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. 2017 Jan;17(1):20-37.
doi: 10.1038/nrc.2016.108. Epub 2016 Nov 11.

Cancer Nanomedicine: Progress, Challenges and Opportunities

Free PMC article

Cancer Nanomedicine: Progress, Challenges and Opportunities

Jinjun Shi et al. Nat Rev Cancer. .
Free PMC article


The intrinsic limits of conventional cancer therapies prompted the development and application of various nanotechnologies for more effective and safer cancer treatment, herein referred to as cancer nanomedicine. Considerable technological success has been achieved in this field, but the main obstacles to nanomedicine becoming a new paradigm in cancer therapy stem from the complexities and heterogeneity of tumour biology, an incomplete understanding of nano-bio interactions and the challenges regarding chemistry, manufacturing and controls required for clinical translation and commercialization. This Review highlights the progress, challenges and opportunities in cancer nanomedicine and discusses novel engineering approaches that capitalize on our growing understanding of tumour biology and nano-bio interactions to develop more effective nanotherapeutics for cancer patients.

Conflict of interest statement

Competing interests statement

The authors declare competing interests: see Web version for details.


Figure 1
Figure 1. Historical timeline of major developments in the field of cancer nanomedicine
EPR, enhanced permeability and retention; FDA, US Food and Drug Administration; nab, nanoparticle albumin bound; NP, nanoparticle; PLGA-PEG, poly(D,L-lactic-co-glycolic acid)-b poly(ethylene glycol); PRINT, particle replication in non wetting template; siRNA, small interfering RNA.
Figure 2
Figure 2. The impact of nanoparticle properties on systemic delivery to tumours
Nanoparticles (NPs) can be made from different materials and have various physicochemical properties (for example, size, geometry, surface features, elasticity and stiffness, among others) and can be modified with a myriad of targeting ligands of different surface density (part a). NP properties affect the biological processes involved in the delivery to tumour tissues, including interactions with serum proteins (part b), blood circulation (part c), biodistribution (part d), extravasation to perivascular tumour microenvironment through the leaky tumour vessels and penetration within the tumour tissue (part e), and tumour cell targeting and intracellular trafficking (part f). NPs can also be designed to control the release profile of payloads (part g). ID, injected dose.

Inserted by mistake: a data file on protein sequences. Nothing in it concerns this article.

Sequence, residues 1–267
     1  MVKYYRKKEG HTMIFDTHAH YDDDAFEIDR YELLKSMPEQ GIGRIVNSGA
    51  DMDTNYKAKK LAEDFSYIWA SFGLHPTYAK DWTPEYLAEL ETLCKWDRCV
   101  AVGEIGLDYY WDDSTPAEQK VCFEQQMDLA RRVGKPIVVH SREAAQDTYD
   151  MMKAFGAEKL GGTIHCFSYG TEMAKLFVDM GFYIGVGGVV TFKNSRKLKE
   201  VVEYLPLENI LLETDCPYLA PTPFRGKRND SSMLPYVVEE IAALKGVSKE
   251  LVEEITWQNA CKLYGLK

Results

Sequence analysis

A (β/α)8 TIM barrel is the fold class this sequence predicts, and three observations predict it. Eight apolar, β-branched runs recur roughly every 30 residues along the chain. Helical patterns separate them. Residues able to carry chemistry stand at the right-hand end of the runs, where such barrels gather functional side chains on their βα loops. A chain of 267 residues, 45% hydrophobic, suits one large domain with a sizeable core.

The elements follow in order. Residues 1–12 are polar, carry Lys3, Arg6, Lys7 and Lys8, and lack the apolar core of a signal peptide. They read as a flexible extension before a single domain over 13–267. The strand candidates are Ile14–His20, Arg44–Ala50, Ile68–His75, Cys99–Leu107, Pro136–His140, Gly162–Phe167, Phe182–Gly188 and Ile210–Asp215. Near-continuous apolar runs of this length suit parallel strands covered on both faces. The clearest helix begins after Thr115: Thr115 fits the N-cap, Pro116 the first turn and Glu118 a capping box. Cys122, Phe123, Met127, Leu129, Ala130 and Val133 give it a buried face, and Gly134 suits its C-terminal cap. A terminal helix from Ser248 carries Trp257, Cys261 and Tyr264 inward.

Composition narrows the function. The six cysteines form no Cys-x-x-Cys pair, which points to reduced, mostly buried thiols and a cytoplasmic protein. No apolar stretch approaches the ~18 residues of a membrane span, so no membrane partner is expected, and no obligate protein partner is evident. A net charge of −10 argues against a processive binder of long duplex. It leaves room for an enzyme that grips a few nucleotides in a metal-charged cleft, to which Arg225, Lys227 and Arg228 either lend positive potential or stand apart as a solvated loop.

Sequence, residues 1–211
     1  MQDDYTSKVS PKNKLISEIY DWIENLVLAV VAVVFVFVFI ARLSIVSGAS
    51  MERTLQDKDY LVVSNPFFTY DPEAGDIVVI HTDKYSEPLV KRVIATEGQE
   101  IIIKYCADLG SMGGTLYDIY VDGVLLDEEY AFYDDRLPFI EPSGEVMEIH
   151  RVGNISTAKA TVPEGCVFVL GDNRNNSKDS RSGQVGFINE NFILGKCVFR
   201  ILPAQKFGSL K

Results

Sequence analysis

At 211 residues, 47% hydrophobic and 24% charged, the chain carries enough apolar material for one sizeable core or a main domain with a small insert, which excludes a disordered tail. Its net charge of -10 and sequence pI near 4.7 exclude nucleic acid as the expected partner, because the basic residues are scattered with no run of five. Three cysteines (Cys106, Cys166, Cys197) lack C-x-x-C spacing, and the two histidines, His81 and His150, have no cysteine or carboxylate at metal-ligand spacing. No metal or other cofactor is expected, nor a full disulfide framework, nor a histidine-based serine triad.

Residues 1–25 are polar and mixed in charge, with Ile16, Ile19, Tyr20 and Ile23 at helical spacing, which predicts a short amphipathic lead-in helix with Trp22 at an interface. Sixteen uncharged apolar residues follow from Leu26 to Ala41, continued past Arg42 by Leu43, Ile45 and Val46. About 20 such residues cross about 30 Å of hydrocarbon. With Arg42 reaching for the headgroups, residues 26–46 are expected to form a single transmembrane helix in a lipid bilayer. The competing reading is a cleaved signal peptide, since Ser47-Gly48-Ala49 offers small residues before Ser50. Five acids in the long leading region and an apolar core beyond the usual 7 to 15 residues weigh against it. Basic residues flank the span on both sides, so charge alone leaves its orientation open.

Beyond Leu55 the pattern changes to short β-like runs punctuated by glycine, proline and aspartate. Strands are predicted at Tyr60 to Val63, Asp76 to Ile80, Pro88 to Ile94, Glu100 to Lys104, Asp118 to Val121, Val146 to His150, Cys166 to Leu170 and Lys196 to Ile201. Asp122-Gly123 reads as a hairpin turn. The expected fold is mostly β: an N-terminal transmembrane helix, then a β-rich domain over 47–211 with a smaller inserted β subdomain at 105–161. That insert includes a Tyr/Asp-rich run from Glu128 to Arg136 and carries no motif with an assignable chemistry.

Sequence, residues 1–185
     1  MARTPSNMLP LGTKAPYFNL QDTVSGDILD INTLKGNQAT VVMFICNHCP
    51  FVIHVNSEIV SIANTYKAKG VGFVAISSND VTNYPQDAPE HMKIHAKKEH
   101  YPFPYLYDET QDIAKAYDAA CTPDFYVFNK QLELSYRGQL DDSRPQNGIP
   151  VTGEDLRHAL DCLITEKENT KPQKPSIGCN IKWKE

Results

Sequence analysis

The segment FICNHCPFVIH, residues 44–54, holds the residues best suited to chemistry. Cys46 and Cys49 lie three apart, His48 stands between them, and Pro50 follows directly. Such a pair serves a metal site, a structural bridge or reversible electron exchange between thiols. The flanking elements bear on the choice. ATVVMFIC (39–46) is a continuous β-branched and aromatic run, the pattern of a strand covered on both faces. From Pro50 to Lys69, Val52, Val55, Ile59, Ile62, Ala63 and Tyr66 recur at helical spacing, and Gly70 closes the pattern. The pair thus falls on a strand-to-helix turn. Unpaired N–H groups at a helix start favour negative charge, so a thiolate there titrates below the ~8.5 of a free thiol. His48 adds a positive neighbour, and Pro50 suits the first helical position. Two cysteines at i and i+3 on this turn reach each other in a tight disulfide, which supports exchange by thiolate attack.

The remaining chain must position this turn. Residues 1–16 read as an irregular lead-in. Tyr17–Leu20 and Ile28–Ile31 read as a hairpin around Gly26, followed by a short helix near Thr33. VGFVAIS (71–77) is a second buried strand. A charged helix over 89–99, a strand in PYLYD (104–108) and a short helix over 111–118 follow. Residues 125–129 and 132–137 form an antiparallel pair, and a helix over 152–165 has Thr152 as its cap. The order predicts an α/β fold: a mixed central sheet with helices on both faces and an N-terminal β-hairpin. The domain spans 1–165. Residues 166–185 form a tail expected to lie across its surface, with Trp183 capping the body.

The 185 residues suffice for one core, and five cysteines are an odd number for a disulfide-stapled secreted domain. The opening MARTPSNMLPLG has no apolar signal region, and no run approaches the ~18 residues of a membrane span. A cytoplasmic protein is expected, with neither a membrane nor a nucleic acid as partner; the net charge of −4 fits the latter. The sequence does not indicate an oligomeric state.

Figure 3
Figure 3. Potential markers for predicting EPR effect and nanotherapeutic efficacy
a | Companion imaging agents (for example, ferumoxytol nanoparticle (NP)) have been applied to predict the accumulation of poly(D,L-lactic-co-glycolic acid)-b-poly(ethylene glycol) (PLGA-PEG) NP-encapsulated docetaxel and its anticancer activity in solid tumours, and ferumoxytol is currently in clinical trials to determine its feasibility as a predictive marker for the liposomal irinotecan MM-398. b | Therapeutic NPs labelled with imaging agents (for example, radioisotopes), also called theranostic NPs, have been used to monitor their biodistribution and tumour accumulation using various imaging techniques both preclinically and clinically. c | Serum and tissue biomarkers may also serve as surrogate markers for the enhanced permeability and retention (EPR) effect, as suggested by one recent example showing strong correlation of liposome accumulation in tumours with the relative ratio of matrix metalloproteinase 9 (MMP9) to tissue inhibitor of metalloproteinase 1 (TIMP1) in the circulation.
Figure 4
Figure 4. Nanoparticle targeting of the tumour microenvironment and the premetastatic niche
Targeting of the tumour vasculature or stromal cells in the tumour microenvironment (part a) and the premetastatic microenvironments such as the bone marrow niche, where induction of the osteogenic differentiation of mesenchymal stem cells enhances bone strength and volume (part b). Cell-specific targeting can be achieved via the modification of nanoparticles (NPs) with ligands that bind to specific receptors (for example, αvβ3 integrin and mannose receptor) on the surface of tumour endothelial cells, stromal cells or other target cells. It should be noted that even without targeting ligands, NPs can be engineered for preferential cellular uptake. The payloads released from NPs localized in tumours or premetastatic tissues can also be nonspecifically taken up by these cells.

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